If you're feeling brave visit The Automatic Earth for continuing coverage of the global financial meltdown and Life After the Oil Crash for an excellent primer on peak oil. Be warned, you won't like it. I told you.

So what's Plan B? *

Warning: Reading the rest of this post will subject the reader to anti-civilization proselytizing. Proceed at own peril.

How about for a start, let's everyone stop reproducing, especially for the purposes of creating any kind of New Jerusalem. Unfulfilled religious urges could perhaps be relieved, fully clothed, in some kind of beatitude-inspired activity (substitute the appropriate religious reference of your choice). A very modest (by North American standards) lifestyle for every person on the planet can be enjoyed equally by about 1 billion people. Starting now, if everyone limits themselves to one or no kids, we'll be a billion in a hundred years.

Next, let's drop the idea that humans have more rights than other creatures, and rich humans have more rights than poor ones. There are some pretty severe ramifications of this one. Read Endgame for more on this. And I don't need to know what this book inspires you to do.

How about learning how to sleep well even before having secured the financial solution to every possible problem for the rest of your life? This one is a tough one for those of us who reside firmly in the middle class and have been subject to a lot of preaching on the subject.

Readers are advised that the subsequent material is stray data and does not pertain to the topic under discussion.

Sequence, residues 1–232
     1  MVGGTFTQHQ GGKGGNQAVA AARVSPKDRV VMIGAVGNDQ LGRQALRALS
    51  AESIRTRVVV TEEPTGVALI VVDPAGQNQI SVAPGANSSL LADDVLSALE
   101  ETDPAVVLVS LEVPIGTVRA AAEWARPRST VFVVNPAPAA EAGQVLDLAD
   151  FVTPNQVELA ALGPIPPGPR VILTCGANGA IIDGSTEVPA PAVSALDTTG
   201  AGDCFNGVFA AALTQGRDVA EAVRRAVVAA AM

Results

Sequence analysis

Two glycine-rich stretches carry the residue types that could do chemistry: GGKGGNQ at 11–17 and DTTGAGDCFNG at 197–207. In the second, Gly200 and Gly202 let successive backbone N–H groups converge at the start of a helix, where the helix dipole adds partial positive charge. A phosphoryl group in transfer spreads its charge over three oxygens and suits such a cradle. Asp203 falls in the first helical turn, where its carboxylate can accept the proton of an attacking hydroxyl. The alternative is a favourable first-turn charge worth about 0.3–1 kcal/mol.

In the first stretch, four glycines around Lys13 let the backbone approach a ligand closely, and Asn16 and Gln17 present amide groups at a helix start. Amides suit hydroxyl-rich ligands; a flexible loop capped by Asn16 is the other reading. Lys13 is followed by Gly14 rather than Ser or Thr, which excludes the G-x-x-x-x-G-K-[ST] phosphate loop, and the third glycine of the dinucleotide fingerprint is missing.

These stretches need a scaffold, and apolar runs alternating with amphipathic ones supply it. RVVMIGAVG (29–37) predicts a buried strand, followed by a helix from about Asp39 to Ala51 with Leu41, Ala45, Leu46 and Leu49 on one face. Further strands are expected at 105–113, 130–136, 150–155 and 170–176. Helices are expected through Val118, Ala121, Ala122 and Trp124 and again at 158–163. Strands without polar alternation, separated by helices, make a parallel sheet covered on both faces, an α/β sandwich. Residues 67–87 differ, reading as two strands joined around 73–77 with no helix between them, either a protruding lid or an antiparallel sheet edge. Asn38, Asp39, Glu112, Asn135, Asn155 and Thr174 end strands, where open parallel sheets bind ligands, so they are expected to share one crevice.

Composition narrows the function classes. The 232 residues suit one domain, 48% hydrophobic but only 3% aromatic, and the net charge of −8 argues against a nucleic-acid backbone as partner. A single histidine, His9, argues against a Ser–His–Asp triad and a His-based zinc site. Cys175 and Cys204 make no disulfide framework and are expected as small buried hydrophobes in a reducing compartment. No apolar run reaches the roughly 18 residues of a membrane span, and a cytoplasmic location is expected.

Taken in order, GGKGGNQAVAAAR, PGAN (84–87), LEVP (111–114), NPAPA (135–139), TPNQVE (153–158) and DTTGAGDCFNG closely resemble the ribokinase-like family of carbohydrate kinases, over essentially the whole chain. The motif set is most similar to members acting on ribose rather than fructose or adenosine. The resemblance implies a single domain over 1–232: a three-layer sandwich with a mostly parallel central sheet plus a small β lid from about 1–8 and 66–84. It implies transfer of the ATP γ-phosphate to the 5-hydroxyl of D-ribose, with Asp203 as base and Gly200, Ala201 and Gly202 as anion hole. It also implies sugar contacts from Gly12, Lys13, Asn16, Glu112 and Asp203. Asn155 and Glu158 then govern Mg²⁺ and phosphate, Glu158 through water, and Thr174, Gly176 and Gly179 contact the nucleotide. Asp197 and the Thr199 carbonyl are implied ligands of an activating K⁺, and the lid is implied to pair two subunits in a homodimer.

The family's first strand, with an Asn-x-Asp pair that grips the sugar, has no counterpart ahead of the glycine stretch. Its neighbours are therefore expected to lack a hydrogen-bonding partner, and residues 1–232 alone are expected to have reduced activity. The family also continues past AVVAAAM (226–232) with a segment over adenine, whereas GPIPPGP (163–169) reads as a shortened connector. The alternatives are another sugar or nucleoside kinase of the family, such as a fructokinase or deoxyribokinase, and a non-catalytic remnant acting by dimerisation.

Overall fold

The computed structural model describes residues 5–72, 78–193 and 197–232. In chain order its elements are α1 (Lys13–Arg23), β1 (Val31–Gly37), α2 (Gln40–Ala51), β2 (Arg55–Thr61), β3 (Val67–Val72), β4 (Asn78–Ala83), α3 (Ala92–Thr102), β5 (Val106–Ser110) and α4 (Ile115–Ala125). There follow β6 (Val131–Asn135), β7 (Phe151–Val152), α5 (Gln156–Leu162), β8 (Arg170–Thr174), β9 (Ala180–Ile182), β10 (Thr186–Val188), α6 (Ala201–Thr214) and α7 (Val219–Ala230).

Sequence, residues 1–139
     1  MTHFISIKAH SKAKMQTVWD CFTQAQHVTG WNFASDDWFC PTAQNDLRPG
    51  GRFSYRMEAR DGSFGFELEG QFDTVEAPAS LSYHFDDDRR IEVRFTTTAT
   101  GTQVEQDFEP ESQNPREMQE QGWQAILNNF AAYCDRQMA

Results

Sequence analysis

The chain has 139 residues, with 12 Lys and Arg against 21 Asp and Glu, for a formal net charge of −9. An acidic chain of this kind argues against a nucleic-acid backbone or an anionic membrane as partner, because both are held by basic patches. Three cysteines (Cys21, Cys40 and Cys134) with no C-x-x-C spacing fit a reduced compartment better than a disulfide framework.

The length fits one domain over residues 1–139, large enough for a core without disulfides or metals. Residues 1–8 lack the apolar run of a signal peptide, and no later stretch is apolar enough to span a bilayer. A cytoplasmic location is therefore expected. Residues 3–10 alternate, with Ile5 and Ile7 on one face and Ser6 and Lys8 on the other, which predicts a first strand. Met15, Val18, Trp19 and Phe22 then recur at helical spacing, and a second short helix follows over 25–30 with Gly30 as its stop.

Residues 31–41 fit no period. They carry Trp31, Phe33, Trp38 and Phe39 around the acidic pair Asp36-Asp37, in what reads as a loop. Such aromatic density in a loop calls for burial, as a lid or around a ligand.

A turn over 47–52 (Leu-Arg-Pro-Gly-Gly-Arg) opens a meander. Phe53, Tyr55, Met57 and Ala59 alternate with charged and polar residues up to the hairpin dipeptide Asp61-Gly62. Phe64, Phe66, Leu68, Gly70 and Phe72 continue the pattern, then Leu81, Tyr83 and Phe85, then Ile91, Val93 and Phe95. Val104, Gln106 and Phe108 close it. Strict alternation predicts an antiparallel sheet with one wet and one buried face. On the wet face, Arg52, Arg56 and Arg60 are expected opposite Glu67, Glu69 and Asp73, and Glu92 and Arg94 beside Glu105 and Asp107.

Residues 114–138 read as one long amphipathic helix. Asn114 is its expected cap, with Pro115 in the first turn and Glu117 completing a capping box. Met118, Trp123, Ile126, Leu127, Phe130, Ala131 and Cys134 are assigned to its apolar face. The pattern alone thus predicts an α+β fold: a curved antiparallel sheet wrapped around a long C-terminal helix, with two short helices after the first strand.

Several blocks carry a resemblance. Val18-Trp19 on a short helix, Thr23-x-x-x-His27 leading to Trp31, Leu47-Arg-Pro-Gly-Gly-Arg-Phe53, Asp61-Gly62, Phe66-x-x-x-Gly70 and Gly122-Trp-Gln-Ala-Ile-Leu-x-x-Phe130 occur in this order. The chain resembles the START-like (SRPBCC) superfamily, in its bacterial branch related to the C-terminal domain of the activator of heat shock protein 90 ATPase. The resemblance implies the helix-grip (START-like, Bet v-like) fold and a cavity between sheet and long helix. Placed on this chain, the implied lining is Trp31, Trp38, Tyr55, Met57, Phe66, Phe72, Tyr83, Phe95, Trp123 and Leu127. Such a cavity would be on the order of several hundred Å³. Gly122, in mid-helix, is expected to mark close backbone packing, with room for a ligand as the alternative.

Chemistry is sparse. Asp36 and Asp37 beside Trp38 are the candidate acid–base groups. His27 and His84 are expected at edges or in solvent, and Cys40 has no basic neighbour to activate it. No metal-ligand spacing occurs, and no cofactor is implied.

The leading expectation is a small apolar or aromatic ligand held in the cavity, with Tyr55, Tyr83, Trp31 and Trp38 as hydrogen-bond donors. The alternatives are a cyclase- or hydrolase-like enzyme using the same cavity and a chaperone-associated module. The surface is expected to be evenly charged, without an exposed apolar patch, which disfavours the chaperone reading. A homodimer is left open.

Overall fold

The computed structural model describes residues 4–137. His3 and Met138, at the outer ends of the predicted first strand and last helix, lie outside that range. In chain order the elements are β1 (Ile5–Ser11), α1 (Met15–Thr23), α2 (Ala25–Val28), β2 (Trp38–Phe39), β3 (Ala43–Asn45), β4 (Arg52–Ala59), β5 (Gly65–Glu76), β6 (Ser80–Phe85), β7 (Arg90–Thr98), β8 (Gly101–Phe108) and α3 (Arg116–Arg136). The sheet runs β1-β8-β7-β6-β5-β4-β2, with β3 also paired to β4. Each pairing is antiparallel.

And the last one is easy. Consume less crap. Less plastic junk from China, less processed food, less stupid entertainment. Just say no.

That's it. More of an attitude shift than a changing lightbulb plan. Stay tuned for progress reports.

*Disclaimer: The author of this post has a firm grip on the theoretical but the practice, well, not so much. A critical examination of the author's own lifestyle will demonstrate an aptitude for hypocrisy not seen since the PTL Club shut down. Witness my current employment with the not-for-profit privatized safety critical corporation. For shame. And I've never destroyed a dam.

01 March 2008

Beaver front door

We found a beaver access hole across the marsh from the lodge. It may not be the only one, as there was a thin layer of ice on the water, indicating it hadn't been used for a few days, but the signs of beavers were unmistakable. They don't travel too far from the hole to cut down trees or gnaw on bark.

Tracks in the snow

We saw a lot of these tracks in the snow last weekend. The owner of these tracks must have been pretty small compared to his feet because they were pretty much right on top of the snow. They're bigger than coyote tracks. I'm afraid my Animal Tracks of Ontario was not much help as this animal did not have the courtesy to leave a distinct track in a typical pattern. Some of the candidates, in my mind, anyway, are the fisher, marten, bobcat or lynx. Luckily, my living is not dependant on my ability to identify tracks.

Cattail fling ding

M is the champion cattail flinger in our family. Apparently, it's all in the wrist. Who knew cattails had evolved to spread their seeds by human flinging? They're weighted just right to get some good distance and provide a very satisfying experience for the flinger.


Related Posts Plugin for WordPress, Blogger...